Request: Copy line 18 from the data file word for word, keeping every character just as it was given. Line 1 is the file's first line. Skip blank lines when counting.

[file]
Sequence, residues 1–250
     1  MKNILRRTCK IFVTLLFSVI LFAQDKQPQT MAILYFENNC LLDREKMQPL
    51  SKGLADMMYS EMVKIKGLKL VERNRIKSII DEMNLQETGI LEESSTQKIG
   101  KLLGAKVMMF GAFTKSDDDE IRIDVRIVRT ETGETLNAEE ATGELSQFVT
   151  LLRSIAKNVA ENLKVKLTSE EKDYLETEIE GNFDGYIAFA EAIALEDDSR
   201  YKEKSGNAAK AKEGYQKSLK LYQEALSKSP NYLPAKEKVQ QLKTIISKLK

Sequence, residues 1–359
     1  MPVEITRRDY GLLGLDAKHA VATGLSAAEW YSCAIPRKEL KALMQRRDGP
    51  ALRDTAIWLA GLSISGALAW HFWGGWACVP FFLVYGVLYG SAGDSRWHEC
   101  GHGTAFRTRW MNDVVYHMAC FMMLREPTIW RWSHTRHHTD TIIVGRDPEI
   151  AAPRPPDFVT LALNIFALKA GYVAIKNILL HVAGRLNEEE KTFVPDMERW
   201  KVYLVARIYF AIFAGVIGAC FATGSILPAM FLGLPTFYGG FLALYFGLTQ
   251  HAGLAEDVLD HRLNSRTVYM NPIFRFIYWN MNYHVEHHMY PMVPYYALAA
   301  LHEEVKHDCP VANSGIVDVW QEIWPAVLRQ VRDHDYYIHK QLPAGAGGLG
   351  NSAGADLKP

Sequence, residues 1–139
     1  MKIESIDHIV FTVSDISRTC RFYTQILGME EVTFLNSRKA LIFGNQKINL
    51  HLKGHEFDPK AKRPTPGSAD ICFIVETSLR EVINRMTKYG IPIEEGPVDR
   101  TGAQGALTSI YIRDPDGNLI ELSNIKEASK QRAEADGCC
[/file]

    51  HLKGHEFDPK AKRPTPGSAD ICFIVETSLR EVINRMTKYG IPIEEGPVDR